Posted in IT Issues, Oracle DBMS, Personal, RDBMS, Sybase

Working for the Underdog

I always find it interesting that I seem to be in the position of supporting the underdog when it comes to computing, I own Apple’s and work with Sybase. Two systems that can’t manage a marketing strategy to move them into the main stream. Both manage to be on the opposite end of competition with Microsoft Software. I assume that each should be flattered that MS has chosen them to steal code and ideas from, but I’d rather hoped they had the market share back. Set aside the quality issues, credit, vindication and validation of their ideas is sadly lacking in the IT world with the exception of those that work with them.

Posted in Oracle DBMS, RDBMS, Sybase

Oracle Market share

One more point in the Sybase vs Oracle debate is the size of the Oracle installed base. The claim has been made that the reason Oracle is the number one RDBMS, is that the database has been selected for it’s features, reliability and maturity.

Once again this is a false premise as the real reason that Oracle is number one, is Marketing, plain and simple salesmanship. And not generally good salesmanship, but more like that of a pushy used car salesman. I had the occasion of witnessing this, more or less first hand.

At one company I work for they were going through the usually agony of having to upgrade a project costing system. The current one, home made, was failing. The replacement was between Oracle Financial’s and some modules or Deltec Costpoint. The evaluation team went through extensive testing of the features, and the Oracle system came up short, but with Oracle promises to add the missing features. The Costpoint system was nearly a perfect fit. And hence the choice to purchase Costpoint. This set off the first of three Oracle incidents. Oracle having lost the bid, did not take it lightly. They when directly to the CEO of the company and claimed that the evaluation team had made a costly and catastrophic choice for the company which would lead to serious business loss.

The CEO having more or less picked the evaluation team, was not impressed with the Oracle arguments. But this does not complete the story. This same team, was required to also make a choice of RDBMS’s Oracle, or Sybase. And as you might have guested the same Oracle sales reps were involved. The evaluation team after considerable testing Chose Sybase. And guess what? The Oracle reps again approached the CEO claiming that the evaluation team had failed their duties and were taking the company to the brink with their choice of Sybase. And again they were shown the door by the CEO.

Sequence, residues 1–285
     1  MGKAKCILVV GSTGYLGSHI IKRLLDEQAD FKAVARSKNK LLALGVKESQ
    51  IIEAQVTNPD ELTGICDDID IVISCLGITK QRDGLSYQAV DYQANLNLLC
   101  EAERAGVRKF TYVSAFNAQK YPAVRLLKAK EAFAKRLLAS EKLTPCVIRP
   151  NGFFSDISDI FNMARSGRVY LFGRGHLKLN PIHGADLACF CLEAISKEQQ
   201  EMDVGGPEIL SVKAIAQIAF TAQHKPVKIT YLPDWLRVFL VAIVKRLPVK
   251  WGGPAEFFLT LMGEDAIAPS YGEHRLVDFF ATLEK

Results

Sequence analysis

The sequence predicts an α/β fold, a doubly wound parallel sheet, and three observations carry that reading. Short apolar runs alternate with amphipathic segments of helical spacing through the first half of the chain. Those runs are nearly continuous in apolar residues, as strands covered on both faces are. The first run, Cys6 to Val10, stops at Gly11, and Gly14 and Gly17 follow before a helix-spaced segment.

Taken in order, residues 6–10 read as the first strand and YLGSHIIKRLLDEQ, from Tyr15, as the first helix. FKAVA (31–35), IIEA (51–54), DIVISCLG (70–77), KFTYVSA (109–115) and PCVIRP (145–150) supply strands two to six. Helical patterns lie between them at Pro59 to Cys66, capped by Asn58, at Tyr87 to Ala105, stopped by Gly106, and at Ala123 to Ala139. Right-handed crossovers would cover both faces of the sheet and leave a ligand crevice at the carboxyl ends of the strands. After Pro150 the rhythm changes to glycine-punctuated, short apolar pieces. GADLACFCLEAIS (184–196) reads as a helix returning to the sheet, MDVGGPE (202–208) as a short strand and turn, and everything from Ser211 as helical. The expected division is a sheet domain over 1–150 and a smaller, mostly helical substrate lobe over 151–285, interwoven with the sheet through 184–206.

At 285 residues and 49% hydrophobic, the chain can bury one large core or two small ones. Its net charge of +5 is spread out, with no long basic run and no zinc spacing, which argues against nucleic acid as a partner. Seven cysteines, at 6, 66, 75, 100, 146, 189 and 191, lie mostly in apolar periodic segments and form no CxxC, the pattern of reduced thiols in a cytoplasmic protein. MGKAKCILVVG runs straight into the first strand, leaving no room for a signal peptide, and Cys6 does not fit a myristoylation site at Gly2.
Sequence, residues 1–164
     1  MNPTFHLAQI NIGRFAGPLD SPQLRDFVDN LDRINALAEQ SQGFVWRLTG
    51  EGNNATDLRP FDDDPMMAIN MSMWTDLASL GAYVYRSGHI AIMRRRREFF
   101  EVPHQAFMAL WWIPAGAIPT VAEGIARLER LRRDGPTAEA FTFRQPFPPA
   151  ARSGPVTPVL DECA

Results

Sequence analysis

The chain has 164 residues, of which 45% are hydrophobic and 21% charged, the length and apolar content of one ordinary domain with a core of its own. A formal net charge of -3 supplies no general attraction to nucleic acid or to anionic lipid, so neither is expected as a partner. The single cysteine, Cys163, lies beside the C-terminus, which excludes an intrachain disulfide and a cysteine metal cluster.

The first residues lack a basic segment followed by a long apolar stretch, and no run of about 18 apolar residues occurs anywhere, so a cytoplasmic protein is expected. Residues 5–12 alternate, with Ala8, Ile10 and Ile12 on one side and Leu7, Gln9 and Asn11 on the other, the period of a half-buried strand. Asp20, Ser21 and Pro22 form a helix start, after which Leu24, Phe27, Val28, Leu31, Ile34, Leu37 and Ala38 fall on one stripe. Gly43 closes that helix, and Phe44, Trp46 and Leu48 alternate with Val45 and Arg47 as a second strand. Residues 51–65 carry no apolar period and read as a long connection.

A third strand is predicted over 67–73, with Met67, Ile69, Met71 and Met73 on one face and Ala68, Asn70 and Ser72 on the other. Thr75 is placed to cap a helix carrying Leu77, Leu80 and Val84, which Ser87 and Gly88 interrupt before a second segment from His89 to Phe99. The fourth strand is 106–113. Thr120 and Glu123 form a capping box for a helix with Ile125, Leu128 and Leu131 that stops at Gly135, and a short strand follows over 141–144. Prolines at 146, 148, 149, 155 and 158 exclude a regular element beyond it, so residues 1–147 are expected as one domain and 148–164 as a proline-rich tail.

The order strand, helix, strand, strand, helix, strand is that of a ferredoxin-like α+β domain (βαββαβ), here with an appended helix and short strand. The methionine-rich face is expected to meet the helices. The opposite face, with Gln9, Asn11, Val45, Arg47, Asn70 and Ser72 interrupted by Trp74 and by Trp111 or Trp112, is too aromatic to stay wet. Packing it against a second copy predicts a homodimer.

This does not close the door. The company operated the Costpoint system on Sybase for many years with absolutely no issues. Until Deltec was, under pressure from Oracle, was forced to migrate to “Oracle only” RDBMS support and as such required all clients to switch to Oracle as part of a Costpoint upgrade. The company was forced to upgrade all the hardware necessary to operate the costpoint system in order to manage the Oracle installation.

Clearly Oracle did not ‘win’ this on features, just pushy sales reps.

And this is not the only example of Oracle strong arm marketing , like the comedian, “I’ve got a million of ’em”!

Posted in Oracle DBMS, RDBMS, SQL, Sybase

Row level Locking

In the Sybase vs Oracle discussion there is always one issue that Oracle used to win. Row level locking. In the early days of Sybase, page level locking was the lowest level of granularity that locks attained. Much of this was due to a conscious choice of increasing the performance of the transaction, rather than ensuring unique row locking in Sybase. After row level locking was added to Sybase at version 11, this was proved to be a false ‘feature’ as most Sybase installations rarely implemented it.

In retrospect most issues relating to row level being a requirement can be traced back to badly implemented transaction clients. which makes this even more evident, is that in many cases, when the client transaction were ‘repaired’ to implement true ACID transactions, the Oracle databases performed better, and the row level locking issues vanished as a requirement.


One other difference between Oracle and Sybase which doesn’t get much visibility is the business of isolation levels. Oracle allows the ‘dirty’ read and Sybase does not. This is changeable in both databases, but Oracle used this to their advantage in the locking wars as shared, and shared intent locking did not cause the same kind of issues like the ones you would encounter in Sybase.